In this second part of this two part series, you'll learn what you can do right now to break the cycle of unkind leadership. Even though it might seem like an insurmountable and impossible challenge, it isn't. It's doable and each of us can (and need to) play our part.
Part 2: Breaking the cycle starts with one small, kind action...
Years ago I worked as a customer service representative. It was my first experience working in corporate America. Every week we had an office-wide staff meeting in which the leaders would tell us all the reasons that the work we were doing wasn't good enough. Then they would threaten to fire us. Each week they didn't though, because, as they would say, we weren't "good enough" to be hired anywhere else...so they would "do us a favor" and keep us at our jobs.
Maybe you are thinking to yourself, "Karyn, you must be kidding...you are exaggerating...no organization works like that. It's just too unkind." I wish I was exaggerating. But I'm not. And because I had never worked for a large organization before, I just thought it was normal. The way it was supposed to be.
Maybe you've had similar experiences. I know some people who have only had this experience of leadership. And it goes beyond being unkind. It's bullying behavior created by the Cycle of Fear I explained in Part 1 of this series.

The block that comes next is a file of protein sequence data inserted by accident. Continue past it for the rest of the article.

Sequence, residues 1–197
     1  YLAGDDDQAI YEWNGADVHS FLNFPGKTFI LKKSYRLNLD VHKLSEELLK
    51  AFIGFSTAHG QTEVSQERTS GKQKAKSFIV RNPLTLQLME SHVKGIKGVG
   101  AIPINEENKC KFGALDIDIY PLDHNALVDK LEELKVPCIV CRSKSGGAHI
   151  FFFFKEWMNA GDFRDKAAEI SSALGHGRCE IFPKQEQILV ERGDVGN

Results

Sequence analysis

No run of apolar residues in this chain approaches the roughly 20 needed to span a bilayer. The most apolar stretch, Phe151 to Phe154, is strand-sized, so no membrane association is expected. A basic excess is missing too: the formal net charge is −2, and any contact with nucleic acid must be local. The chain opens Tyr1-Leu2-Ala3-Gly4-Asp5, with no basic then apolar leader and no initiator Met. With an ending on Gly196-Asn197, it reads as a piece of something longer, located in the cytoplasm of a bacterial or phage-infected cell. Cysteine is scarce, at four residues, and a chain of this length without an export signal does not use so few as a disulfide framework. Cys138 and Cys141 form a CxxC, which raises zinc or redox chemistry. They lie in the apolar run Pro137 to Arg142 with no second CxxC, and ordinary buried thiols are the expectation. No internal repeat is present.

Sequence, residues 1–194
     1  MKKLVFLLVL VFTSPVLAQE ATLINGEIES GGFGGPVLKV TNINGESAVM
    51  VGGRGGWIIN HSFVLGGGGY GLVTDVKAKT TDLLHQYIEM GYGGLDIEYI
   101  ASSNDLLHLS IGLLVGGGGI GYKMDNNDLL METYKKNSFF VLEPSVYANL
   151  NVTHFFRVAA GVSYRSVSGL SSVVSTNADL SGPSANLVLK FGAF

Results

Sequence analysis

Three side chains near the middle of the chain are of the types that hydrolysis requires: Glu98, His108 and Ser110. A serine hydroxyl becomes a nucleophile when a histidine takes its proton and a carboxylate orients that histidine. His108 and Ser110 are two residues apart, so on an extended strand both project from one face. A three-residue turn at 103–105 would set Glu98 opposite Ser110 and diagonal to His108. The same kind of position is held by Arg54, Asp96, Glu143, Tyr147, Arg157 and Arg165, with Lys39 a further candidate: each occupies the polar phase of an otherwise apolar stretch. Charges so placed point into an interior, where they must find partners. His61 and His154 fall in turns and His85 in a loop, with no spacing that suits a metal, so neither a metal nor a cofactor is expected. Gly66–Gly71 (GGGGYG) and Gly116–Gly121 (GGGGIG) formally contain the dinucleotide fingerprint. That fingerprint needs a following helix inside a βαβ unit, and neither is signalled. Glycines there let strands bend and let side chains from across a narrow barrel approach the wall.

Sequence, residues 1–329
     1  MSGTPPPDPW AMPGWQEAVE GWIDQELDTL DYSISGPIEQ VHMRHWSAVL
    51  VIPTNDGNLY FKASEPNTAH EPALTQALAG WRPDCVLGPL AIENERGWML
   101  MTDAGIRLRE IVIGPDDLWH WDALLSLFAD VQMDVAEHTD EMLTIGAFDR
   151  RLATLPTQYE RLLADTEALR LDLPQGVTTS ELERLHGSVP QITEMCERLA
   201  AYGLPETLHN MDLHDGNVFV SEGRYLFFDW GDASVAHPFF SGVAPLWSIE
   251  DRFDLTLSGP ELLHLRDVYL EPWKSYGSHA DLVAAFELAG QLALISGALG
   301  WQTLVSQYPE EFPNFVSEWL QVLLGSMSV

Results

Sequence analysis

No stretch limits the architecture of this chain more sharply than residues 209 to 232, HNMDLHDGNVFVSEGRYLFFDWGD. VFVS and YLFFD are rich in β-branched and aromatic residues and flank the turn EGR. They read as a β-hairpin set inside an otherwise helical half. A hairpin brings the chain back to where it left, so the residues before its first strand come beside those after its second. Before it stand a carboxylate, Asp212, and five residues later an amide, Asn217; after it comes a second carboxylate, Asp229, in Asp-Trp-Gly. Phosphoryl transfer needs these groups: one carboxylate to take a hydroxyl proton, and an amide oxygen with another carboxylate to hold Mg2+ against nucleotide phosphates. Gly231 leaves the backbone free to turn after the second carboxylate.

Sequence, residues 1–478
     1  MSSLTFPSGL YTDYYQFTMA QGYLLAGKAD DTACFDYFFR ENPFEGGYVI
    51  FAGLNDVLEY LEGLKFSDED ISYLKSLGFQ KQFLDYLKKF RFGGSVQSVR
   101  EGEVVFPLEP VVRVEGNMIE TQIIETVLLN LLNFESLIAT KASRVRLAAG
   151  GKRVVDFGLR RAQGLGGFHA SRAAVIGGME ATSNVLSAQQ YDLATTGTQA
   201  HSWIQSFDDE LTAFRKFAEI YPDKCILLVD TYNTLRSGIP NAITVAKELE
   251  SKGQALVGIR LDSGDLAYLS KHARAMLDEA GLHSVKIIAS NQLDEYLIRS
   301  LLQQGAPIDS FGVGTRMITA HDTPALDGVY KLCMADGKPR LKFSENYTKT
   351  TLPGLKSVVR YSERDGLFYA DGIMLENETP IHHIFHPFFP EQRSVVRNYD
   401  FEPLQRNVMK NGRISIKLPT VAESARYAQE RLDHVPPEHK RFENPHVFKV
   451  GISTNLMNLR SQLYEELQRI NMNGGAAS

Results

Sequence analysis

What's the difference between unkindness and bullying and why is it important?
To understand the difference, and why it's so important, let's start with the definition of kindness that I created for The Kind Leader: "Kindness is an action (or set of actions), connecting a person's internal feelings of empathy and compassion to others that is undertaken with the purpose of generating a positive effect and outcome for another." (p. 6)
Bullying is the opposite and more: Its an action or set of actions deliberately undertaken to cause physical, emotional or psychological harm to a person in a relationship in which there is a perceived imbalanced of power. That imbalance of power could be physical…someone bigger or stronger…and it can also be psychological … a leader in “power” over team members…
Just like the leaders at the organization that I worked for. And like a lot of bullying behavior, it happened over and over again. And it had a terrible, detrimental effect on the mental health of those of us who experienced it, to the morale in the office and it spilled over into our home lives.
Why did the people who worked there stay? Why did we put up with it? Because we thought it was normal, and because, like many people who experience bullying at work, at school, at home or in the community, we were afraid to speak up and say something. And we were afraid to leave. We believed what our leaders told us: that we weren't worthy, and that we would never be hired by anyone else.
And because we didn't have formal leadership titles, we didn't think there was anything we could do to break there cycle.
But there is.
Stand up, speak up and tell someone what is happening. That is the kind thing to do.